Tuttle: Agler, I think with what you just said, you revealed a key point to how ‘Brave’ really missed the boat, and it’s the fact that out main character didn’t have to sacrifice anything but a kooky evening of shenanigans in order to solve the conflict. In reality, it was the mother that was forced to be the hero, to suffer trials and achieve resolution. As an audience member, I felt no connection to Merida, and therefore didn’t feel any connection with this movie. Also, that old witch? Worthless character, through and through. Absolutely no purpose. She didn’t even show up after the spell was broken to offer an answers. I would’ve rather had Billy Crystal as Miracle Max than that irrelevant hag.

So where does Pixar go from here? I mean, with ‘Cars 2’ and now ‘Brave’, they’ve made two pretty mediocre movies in a row. Should they keep going for sequels, or do they try to write another unique story? They’ve now struck out in both categories.

Agler: I’d definitely say new, original stories. With Pixar, it’s almost too risky to have a sequel. Toy Story was lucky, but the rest should be left alone due to their finality in ending and overall creativity. Some stones are better left unturned. It seems like there is a repeat in movies these days: new characters and settings, same ideas. Fresh, new ideas are hard to come by, so Pixar landing one will be a great success and something worth working towards. Brave was a new idea, but the execution was horrible.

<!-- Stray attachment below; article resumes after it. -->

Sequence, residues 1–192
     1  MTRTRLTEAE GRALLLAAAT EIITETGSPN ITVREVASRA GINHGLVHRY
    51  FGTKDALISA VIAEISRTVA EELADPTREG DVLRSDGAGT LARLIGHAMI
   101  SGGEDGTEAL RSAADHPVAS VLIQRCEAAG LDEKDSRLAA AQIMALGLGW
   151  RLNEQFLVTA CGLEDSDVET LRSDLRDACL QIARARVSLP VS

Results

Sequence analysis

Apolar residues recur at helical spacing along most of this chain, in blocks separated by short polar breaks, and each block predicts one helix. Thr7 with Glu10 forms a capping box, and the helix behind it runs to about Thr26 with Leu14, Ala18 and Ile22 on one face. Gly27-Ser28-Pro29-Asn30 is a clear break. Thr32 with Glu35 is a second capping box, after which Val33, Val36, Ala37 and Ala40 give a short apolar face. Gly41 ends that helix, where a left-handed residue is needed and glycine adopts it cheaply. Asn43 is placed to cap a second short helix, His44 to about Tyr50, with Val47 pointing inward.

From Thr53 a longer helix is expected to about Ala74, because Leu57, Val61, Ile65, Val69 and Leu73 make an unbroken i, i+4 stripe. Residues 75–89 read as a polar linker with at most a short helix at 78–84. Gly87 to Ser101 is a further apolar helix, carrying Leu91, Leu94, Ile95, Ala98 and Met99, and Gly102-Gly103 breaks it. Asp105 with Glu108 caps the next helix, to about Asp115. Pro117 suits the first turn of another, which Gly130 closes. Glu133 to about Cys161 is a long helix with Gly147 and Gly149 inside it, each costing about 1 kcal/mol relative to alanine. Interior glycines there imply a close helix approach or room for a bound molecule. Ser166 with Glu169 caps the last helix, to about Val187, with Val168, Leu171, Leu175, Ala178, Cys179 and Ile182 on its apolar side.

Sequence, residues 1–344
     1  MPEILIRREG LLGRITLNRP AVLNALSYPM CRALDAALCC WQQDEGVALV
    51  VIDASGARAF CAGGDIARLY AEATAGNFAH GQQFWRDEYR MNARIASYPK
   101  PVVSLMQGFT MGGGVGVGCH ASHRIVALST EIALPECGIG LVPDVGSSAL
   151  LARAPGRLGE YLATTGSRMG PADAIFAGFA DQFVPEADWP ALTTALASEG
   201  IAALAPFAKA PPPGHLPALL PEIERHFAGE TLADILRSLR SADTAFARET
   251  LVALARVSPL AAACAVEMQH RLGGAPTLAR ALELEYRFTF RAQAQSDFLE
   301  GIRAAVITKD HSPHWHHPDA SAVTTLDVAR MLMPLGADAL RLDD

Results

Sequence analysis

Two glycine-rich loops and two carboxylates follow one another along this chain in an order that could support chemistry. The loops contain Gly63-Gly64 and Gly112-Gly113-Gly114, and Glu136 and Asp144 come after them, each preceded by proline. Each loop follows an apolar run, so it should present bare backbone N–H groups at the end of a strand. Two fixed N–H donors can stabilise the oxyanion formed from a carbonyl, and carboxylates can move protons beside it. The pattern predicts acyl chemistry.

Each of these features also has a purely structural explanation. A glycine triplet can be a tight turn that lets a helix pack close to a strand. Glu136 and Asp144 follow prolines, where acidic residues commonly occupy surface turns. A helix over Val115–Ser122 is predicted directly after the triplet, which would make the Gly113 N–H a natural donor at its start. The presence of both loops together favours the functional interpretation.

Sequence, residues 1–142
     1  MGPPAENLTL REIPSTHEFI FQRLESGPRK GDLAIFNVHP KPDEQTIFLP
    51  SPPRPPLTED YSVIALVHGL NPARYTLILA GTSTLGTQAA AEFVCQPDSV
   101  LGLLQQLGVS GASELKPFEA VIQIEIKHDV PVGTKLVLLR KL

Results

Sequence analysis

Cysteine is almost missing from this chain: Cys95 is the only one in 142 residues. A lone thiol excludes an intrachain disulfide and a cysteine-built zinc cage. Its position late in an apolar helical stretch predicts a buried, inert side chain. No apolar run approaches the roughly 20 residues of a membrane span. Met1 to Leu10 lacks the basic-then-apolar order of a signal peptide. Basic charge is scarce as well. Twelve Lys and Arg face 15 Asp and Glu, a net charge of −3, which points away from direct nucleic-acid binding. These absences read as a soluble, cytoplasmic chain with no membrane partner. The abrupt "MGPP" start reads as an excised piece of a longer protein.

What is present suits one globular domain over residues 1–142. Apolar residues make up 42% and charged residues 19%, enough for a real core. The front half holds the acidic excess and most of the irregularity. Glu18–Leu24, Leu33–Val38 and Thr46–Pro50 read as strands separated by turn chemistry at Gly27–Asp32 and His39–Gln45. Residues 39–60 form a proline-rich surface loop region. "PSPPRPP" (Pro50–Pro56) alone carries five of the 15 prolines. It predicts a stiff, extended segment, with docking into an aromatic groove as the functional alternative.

Tuttle: If they just keep re-releasing they’re good movies in 3D, they should do just fine. *cue ominous music here*.

Agler: I think its understandable that our expectations are high after the stellar movies Pixar has made. But the last two are causing me at least to be cautious in my excitement. Pixar is simply struggling like all other production companies with the need for originality, but I would say they of all companies should be able to come up with something due to their unique perspective in movies.

Our Note: ‘Brave’ falls short, but remains to be at least a decent movie for the whole family. Pixar: We want better than decent.

Our Grade: C

Summer Movie Slam: ‘The Best Exotic Marigold Hotel’

Can this really be the best and most exotic?

“I have a dream to create a home for the elderly so wonderful that they will simply refuse to die”